Youth have limited access to reproductive health info
Community health centers (Puskesmas) in Bali are still unable to reach out and provide reproductive healthcare and information to the island’s teen population, a youth advocate claimed.
I Gusti Agung Mahendra, coordinator of Kita Sayang Remaja (Kisara - We Care for Youth), explained that Puskesmas already had programs for teenagers.
“But few teenage patients come to Puskesmas for healthcare services or information on reproductive and sexual health,” said Mahendra.
Kisara is part of the Indonesian Planned Parenthood Association (PKBI).
Puskesmas in Denpasar, he said, had launched teen programs, such as teen counseling, as well as health facilities for young patients.
“But their programs are not youth-friendly ones and young people feel discouraged from going there,” Mahendra explained.
Access by young patients to puskesmas across Bali reaches no more than 1,000 persons per year, a relatively low coverage.
At Kisara’s clinic, dozens of young girls and boys come to share their problems — such as unexpected pregnancies and other reproductive health issues.
“The government should establish clinics and healthcare establishments catering to young patients. Many young people are reluctant to go to the Puskesmas as they receive unfair and judgmental treatment from healthcare providers,” he said.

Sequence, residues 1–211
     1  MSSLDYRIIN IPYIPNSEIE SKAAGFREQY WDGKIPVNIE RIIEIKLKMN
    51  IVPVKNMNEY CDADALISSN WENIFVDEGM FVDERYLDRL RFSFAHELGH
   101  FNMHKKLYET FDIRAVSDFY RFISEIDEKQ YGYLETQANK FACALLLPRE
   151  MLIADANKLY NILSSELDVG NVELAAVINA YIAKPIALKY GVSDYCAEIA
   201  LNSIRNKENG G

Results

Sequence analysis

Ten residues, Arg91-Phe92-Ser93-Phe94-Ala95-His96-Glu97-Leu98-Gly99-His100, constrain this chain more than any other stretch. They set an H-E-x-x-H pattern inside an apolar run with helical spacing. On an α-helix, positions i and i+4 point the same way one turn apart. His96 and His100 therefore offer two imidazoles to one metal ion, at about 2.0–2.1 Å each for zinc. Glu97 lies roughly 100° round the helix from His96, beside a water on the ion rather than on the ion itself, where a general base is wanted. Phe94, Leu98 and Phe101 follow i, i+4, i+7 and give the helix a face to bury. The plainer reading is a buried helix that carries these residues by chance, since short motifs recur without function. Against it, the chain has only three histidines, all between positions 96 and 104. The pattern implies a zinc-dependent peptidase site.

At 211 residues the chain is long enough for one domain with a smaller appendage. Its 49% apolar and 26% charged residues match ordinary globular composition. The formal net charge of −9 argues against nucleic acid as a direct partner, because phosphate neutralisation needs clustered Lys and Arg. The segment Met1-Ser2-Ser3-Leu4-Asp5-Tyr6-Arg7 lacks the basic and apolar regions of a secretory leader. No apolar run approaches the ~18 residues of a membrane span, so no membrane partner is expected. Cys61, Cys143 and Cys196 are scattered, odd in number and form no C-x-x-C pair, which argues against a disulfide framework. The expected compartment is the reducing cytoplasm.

Their reluctance was dangerous since many young girls did not receive proper treatment when they fell pregnant and could end up having unsafe abortions.
Starting on Thursday, Kisara launched a new program called “I am Young with Choices” aimed at reaching out to 2,000 teens every year and to involve them in various reproductive health and sex education programs, such as knowledge of sexually transmitted diseases (STDs), HIV prevention, as well as contraception.
The new program, to run until 2014, is being supported by the Netherlands-based Choice Foundation. It targets high school students, as well as marginalized youth living in under-privileged neighborhoods.
The program will also reach out to communities, such as members of Seka Banjar (village youth organizations) and youth involved in water sports, such as surfers.
Programs for high school students will be focused on reproductive health education and prevention, while youth in the communities will have awareness programs to foster healthy living.
Nurul, a student from SMAN 3 in Denpasar, said that reproductive and sexual education must be presented in an attractive, informative and clear way.
“Such programs are usually delivered in a monotonous and unfriendly atmosphere,” Nurul said.
I Ketut Sukanatha, director of the PKBI, explained that limited access for young people to reproductive healthcare and education had increased the possibility of them becoming infected with HIV/AIDS and other sexually transmitted diseases.